Foreign Policy:

By John Feffer

... Donald Trump has not tried to conceal his antipathy toward Tehran. He has done everything short of war to bring down the Iranian government. He withdrew the United States from the Iran nuclear deal. He applied harsh sanctions to squeeze the Iranian economy. Two years ago, he provided the CIA with new authority to intensify a cyberwar against the country. And, to kick off 2020, he orchestrated the assassination of a top Iranian official, Qasem Soleimani, the head of the Revolutionary Guard Corps.

Bizarrely, Trump continued to maintain throughout that he still held out hope of negotiating a new deal with Iran.

But last week Brian Hook, the instrument of that policy of continued engagement with Iran in the midst of a punishing cold war, stepped down. Hook was something of a moderate in the very skewed politics of the Trump administration. Indeed, compared to his successor, Hook’s a veritable peacenik.

Replacing Hook as special envoy to Iran is Elliott Abrams. Fresh from his failures to promote regime change in Venezuela, Abrams will likely apply his extremist philosophy to his new portfolio. The first opportunity takes place this week as the administration pushes the UN to extend the arms embargo on Iran due to expire as per the terms of the nuclear deal. It’s part of an effort to destroy any chance of a Biden administration returning to the status quo ante with Iran.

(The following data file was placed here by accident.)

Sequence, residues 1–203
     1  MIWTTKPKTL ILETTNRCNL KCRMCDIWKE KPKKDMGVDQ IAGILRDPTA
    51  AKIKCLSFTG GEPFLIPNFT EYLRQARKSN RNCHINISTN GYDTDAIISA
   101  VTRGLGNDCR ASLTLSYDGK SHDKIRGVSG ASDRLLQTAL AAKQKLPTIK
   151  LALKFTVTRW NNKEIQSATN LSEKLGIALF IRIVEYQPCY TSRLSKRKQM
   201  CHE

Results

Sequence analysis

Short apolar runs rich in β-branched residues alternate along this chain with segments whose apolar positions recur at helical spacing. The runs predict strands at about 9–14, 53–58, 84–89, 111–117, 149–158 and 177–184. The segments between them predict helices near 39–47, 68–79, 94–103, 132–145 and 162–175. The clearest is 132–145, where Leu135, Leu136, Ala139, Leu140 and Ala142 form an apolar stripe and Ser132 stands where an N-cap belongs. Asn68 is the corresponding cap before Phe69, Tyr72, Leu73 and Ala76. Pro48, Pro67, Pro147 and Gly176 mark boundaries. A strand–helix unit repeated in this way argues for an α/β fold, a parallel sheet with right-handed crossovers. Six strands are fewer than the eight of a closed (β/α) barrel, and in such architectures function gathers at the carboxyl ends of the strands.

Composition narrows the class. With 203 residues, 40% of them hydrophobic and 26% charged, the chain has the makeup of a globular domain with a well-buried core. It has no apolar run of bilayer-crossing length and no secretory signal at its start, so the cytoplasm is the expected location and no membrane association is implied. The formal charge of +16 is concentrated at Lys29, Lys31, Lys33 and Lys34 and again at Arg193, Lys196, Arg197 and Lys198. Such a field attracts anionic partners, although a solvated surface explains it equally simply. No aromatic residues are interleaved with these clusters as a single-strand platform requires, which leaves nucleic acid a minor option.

Abrams is assuming his new position at a fraught moment. An explosion took place last month at the Natanz uranium enrichment facility. It was but one of several such mysterious “accidents” that are likely the result of covert Israeli operations. Israeli Prime Minister Benjamin Netanyahu is anxious about the prospect of Joe Biden winning in November and resurrecting some version of the Obama administration’s détente with Iran. So, Netanyahu is getting in his licks while he can, though even he is not interested in a full-scale war with Iran.

For hawks in the United States who were disappointed that the Bush administration didn’t march into Tehran after the invasions of Afghanistan and Iraq, the latest turmoil in the region is encouraging. “Iran has been in a weakened state, its economy hobbled by U.S. sanctions and its regime facing domestic discontent, including a massive protest campaign last fall,” writes Jonah Shepp in New York magazine. “Those protests raised hopes among Iran hawks in the U.S. that their dreams of regime change might soon be realized.

A war with a major Middle Eastern power is probably not on Trump’s agenda. After all, he’s been pushing for a withdrawal of U.S. forces from the region. And in June 2019, after Iran shot down a U.S. drone, Trump decided not to retaliate, even though a number of his advisors were urging him to do so.

But this time, an election beckons, Trump is down in the polls, and desperate times call for desperate measures. It wouldn’t be the first time that Donald Trump rolled the dice in one last bid for the jackpot.

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